When I decided to watch Tanhaji on a last-minute whim, I expected the film to tell a certain narrative—that of ‘Indian’ (Hindu) valor versus ‘Invader’ (Muslim) barbarianism. According to Wikipedia, the movie tells the life-story of Tanhaji Malusare, a military leader of the Maratha Empire, and his fight against the Mughals who were trying to extend their empire into Southern India. What I didn’t expect, however, was the peculiar way in which the film packaged this narrative into its portrayal of two different kinds of masculinities, represented by the film’s hero Tanhaji (Ajay Devgn) and its villain, Udaybhan Rathore (Saif Ali Khan).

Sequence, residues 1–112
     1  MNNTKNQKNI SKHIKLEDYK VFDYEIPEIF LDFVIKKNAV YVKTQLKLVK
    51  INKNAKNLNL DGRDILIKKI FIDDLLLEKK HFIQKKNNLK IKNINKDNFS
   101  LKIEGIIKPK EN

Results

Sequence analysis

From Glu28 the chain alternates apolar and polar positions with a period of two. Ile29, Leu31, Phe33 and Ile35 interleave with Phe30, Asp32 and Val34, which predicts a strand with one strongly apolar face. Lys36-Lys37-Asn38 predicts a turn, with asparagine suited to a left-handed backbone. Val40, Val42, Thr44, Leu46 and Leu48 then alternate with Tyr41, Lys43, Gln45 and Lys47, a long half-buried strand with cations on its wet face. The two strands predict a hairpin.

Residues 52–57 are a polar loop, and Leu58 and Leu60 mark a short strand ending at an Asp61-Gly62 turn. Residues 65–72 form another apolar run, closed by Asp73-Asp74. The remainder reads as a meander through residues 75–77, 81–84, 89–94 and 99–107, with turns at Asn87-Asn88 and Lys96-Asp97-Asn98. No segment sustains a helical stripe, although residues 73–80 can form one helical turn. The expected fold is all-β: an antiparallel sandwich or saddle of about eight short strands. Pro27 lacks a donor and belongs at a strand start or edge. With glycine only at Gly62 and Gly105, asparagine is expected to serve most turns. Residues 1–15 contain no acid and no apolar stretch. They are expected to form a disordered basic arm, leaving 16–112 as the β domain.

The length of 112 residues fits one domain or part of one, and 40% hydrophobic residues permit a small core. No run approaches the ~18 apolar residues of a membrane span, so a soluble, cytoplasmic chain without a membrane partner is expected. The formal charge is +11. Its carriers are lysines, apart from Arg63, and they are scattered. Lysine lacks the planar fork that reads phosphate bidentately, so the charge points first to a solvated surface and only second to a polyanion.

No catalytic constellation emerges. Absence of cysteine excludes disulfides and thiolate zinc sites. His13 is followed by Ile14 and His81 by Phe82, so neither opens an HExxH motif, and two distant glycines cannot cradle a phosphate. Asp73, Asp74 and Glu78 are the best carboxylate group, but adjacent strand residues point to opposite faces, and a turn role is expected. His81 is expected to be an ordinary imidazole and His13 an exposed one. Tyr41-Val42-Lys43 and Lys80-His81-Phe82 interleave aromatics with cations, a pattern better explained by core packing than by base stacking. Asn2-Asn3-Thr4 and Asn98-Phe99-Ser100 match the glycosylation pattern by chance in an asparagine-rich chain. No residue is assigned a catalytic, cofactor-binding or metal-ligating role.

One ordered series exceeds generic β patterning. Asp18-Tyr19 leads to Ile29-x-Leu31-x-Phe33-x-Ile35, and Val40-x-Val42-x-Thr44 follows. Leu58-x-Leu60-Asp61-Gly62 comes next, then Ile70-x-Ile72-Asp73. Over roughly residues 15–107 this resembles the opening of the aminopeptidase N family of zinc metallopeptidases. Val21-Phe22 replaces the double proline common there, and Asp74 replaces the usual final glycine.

Cast: Ajay Devgn, Saif Ali Khan, Kajol
Director: Om Raut
The Portrayal Of ‘Bad Muslims’
Rathore is an interesting character because despite being Hindu, a Rajput to be specific, he aligns himself with the Mughals. Later in the second half of the film, we learn that he did so after a Rajput woman rejected him because of his mother’s caste. Except his speech, as once in a while he speaks with a Rajasthani accent, he seems to have shed everything ‘Hindu’ about him. Unlike most of the film’s Hindus, who wear white or light colored clothing, he is almost always dressed in black and shown in dark/grey lighting. Rathore wears kajal, which is pop culture’s favourite way of signifying ‘Muslimness’ in men, which in this case also means ‘villain-ness’. Spooky music plays whenever he comes on stage, thus telling the audience that Rathore is a bad guy.
Rathore wears kajal, which is pop culture’s favourite way of signifying ‘Muslimness’ in men, which in this case also means ‘villain-ness’. Spooky music plays whenever he comes on stage, thus telling the audience that Rathore is a bad guy.